By Stacy M. Brown (NNPA Newswire Contributor)
Quaaludes may not be a part of the retrial of Bill Cosby.
During pretrial hearings in the Bill Cosby sexual assault trial, Judge Steven O’Neill indicated that he may not allow such testimony, which dominated headlines the previous trial last year.
O’Neill said that he would allow at least five other women who have accused Cosby of sexual assault, including model and reality TV star Janice Dickinson, who said Cosby drugged and sexually assaulted her decades ago.
Janice-Baker-Kinney, Heidi Thomas, Chelan Lasha and Lise-Lotte Lublin are the four other primary witnesses who’ve made public accusations against Cosby in the media since the current case made news in late 2014.
The judge may also allow the prosecution to call four additional witnesses to support testimony from the so-called prior-bad-acts alleged victims.
But, he said the mention of Quaaludes could be [overly] prejudicial, because he’s allowing testimony from the additional accusers. Last year, O’Neill allowed just one such individual to testify.
“The evidence has changed in this case,” O’Neill said in court last Friday.
Cosby’s lawyers argued that his deposition testimony from a 2005 civil suit with Andrea Constand should not have been allowed in the first trial and because it had many references to Quaaludes, it caused a media stir.
They said the comedian never admitted to plying women with Quaaludes, but the redacted version of the deposition used at the 2017 trial appeared to show him admitting that he did.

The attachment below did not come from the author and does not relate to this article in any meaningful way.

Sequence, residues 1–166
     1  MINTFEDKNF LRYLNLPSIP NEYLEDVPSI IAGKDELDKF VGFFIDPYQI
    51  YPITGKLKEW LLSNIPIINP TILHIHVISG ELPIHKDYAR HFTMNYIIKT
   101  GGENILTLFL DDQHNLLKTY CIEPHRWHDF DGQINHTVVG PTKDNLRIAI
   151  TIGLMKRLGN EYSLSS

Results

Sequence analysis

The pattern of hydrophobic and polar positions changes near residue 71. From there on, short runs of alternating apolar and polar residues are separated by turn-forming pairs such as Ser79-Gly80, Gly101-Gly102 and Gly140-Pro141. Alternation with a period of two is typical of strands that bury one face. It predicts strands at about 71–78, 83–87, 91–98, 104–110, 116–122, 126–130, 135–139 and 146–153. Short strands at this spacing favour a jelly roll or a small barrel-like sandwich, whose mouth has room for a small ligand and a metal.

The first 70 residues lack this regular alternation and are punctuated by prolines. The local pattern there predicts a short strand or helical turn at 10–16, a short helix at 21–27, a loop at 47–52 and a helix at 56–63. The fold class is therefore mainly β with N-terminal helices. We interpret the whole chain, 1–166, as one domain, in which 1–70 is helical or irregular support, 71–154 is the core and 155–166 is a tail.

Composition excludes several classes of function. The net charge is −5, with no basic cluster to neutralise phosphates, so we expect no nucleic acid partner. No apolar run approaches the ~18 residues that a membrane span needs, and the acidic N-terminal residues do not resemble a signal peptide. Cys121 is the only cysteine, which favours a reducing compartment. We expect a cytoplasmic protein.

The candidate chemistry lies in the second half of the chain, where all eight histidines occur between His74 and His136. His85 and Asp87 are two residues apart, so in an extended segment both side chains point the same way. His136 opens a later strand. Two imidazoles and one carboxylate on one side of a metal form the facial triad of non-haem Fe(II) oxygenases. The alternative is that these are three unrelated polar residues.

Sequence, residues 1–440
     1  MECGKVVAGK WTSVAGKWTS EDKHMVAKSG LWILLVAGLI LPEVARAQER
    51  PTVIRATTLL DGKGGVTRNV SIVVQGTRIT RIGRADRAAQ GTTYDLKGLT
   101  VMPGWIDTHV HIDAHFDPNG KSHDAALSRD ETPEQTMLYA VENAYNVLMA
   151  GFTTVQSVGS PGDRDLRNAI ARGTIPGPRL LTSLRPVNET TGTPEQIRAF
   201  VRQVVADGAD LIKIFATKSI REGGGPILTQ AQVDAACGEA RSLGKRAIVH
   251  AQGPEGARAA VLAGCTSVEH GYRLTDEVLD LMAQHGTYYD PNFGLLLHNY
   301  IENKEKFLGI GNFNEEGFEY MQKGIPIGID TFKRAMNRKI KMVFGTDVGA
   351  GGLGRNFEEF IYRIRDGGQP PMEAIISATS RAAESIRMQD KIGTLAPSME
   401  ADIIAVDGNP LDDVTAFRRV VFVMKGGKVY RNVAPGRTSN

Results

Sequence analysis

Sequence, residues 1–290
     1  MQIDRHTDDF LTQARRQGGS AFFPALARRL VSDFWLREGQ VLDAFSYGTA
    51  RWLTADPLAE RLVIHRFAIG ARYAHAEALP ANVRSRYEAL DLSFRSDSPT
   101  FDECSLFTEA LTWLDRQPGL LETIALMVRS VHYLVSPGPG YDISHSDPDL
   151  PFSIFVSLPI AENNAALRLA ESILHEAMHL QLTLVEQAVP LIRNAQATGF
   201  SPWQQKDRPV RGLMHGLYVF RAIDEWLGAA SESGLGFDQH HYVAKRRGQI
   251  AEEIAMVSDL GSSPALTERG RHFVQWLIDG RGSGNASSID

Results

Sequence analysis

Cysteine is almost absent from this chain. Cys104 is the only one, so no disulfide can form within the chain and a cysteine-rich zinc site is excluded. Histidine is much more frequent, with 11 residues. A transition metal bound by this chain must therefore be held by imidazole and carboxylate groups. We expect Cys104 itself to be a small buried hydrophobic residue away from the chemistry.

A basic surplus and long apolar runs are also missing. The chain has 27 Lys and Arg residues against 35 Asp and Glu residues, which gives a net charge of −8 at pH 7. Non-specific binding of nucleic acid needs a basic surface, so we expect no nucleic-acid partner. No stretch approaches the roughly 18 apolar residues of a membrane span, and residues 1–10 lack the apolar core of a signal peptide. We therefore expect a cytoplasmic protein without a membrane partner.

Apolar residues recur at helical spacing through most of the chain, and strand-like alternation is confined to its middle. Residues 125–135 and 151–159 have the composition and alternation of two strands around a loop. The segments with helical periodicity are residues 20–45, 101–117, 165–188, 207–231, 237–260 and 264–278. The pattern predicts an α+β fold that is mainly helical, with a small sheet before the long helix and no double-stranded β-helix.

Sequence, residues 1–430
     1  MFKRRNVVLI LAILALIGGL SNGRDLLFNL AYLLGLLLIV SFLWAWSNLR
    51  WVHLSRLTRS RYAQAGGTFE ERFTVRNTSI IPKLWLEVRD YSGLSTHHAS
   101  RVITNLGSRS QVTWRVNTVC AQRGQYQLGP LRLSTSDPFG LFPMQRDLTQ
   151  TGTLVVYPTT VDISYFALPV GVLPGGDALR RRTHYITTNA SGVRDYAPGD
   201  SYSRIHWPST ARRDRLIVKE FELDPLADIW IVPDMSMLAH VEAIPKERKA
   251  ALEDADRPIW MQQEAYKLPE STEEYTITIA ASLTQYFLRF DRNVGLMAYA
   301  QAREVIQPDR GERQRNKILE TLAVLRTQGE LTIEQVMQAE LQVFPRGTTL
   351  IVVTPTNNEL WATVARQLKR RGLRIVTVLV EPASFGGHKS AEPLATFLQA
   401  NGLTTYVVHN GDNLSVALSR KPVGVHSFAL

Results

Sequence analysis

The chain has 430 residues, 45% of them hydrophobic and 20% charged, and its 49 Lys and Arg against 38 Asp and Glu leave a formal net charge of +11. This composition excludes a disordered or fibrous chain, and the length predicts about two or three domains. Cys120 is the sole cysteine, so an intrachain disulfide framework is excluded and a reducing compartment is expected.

Defense lawyers also said testimony about Quaaludes would also be irrelevant, because it isn’t alleged that he plied Constand with the drug. Cosby has admitted to giving Constand Benadryl.
Cosby, 80, faces three counts of aggravated indecent sexual assault stemming from a 2004 incident at his Elkins Park, Pa., home with Constand, who claims he drugged and digitally penetrated her.
While the judge has continually admonished both sides from “trying their case for reporters,” and he’s repeatedly ask that the lawyers temper their comments and stick to law, fireworks continue to erupt in the courthouse.
Assistant District Attorney Kristen Feden seemed to suggest that she wanted to take her battle with Defense Attorney Kathleen Bliss outside.
Angrily yelling and pointing at Bliss, Feden challenged the older lawyer, as O’Neill simply held his head in hand and some court observers sat stunned while others gasped.
Meanwhile, O’Neill is also expected to rule on several other items, including whether to admit testimony from potential defense witness, Marguerite Jackson who worked at Temple University with Constand. If allowed, Jackson is expected to testify that Constand told her of a scheme to fabricate sexual assault claims against a big name celebrity.
O’Neill excluded Jackson’s testimony in the first trial, but the judge has said repeatedly that those rulings are no longer binding.
Attorneys for the comedian also want to admit details of his $3.5 million civil settlement to Constand in 2006. Prosecutors have objected, but have asked that if the judge allows it, they should be able to introduce statements made during the negotiations of that payout.
“It paid off, just as she said it would and that’s our theory,” Cosby lawyer Kathleen Bliss said of the settlement and the alleged comments Constand made to Jackson.